When I first signed up for Tinder, Bumble was just a type of bee and I had a list of requirements for a potential date that was nothing short of extensive. They covered a number of different areas including, but not limited to:
- Education level.
- Type of job.
- Type of bio.
- Type of pictures used in profile.
- Type of messages composed when corresponding via app. (Sarcastic but not over the top. No grammatical errors. That last part I stand by.)
- Hobbies (must be similar or the same as mine).
The list went on and on. Fast forward to a number of failed dates, some worthwhile ones, and a couple of nice quasi-relationships, and eventually I started realizing that (spoiler alert) perfect humans only exist when a writer can script their dialogue and develop their personality traits. Real people have quirks and shortcomings. It’s cool.
On this week’s episode of The Margarita Confessionals, we talked about how expectations and assumptions can make dating more confusing than it needs to be.
You hope people give you a fair shot, understanding that you’re more than just five pictures and a short paragraph on a dating app, but it’s so easy to not give them the same courtesy. Immediately you start to fill in their life story as you read their bio: Why did they go to that college? Their job seems sketchy. Why don’t they have more recent pictures?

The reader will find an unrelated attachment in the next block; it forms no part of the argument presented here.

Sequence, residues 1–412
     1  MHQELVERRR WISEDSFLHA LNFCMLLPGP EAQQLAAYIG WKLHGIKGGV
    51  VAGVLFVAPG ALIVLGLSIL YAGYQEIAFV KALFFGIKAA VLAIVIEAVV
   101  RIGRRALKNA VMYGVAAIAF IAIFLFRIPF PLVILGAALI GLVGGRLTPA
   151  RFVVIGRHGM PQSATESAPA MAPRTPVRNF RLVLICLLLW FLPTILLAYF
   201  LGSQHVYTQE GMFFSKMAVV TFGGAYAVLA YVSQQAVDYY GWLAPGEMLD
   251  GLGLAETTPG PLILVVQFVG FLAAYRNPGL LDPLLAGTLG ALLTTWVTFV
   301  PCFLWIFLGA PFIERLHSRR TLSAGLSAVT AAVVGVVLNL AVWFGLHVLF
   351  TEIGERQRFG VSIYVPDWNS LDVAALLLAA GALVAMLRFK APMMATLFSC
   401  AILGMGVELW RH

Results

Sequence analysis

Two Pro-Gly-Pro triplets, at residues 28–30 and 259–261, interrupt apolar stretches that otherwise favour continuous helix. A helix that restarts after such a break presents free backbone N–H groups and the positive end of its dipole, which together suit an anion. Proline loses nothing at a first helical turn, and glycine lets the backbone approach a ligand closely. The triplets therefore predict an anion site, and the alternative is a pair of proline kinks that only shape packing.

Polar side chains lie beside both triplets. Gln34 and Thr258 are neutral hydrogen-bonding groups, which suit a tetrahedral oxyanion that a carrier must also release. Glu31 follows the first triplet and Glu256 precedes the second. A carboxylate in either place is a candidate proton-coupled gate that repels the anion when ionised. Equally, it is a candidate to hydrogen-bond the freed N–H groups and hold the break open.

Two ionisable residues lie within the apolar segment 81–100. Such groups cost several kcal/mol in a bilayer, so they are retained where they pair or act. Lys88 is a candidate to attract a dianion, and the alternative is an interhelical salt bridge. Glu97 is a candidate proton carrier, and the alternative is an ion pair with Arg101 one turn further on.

After hearing friends’ success stories from dating apps, I’ve realized how dangerous filling in the blanks for someone is. You don’t know how someone’s financial situation contributed to where they went to school. You might be shocked to find out how interesting this person’s job actually is. Some people struggle with writing to people they don’t know, which could explain the lackluster app communication.
And this probably doesn’t come as a surprise, but if you’re dating men, most dudes don’t like to take pictures as much as we do. This contributes to the lack of updated photos you see on their profile. In fact, my friend almost swiped left on her now-husband for this reason.
Of course, obvious red flags will still exist. No need to throw on rose-colored glasses and pretend they’re not there. If you see a glaring issue that you just can’t get down with, hit ‘em with the left swipe. But if you’re scoping out a profile that looks appealing but also leaves a few question marks, give its owner the benefit of the doubt. Exchange a few messages and then meet face-to-face if you’re up for it. If your date ends up being laughably bad, you’ve got yourself perfect brunch fodder. On the other hand, you could end up hitting it off and being glad you gave the person a fair shot.
Photo: Riette Farthing/Clearly Perceived Photography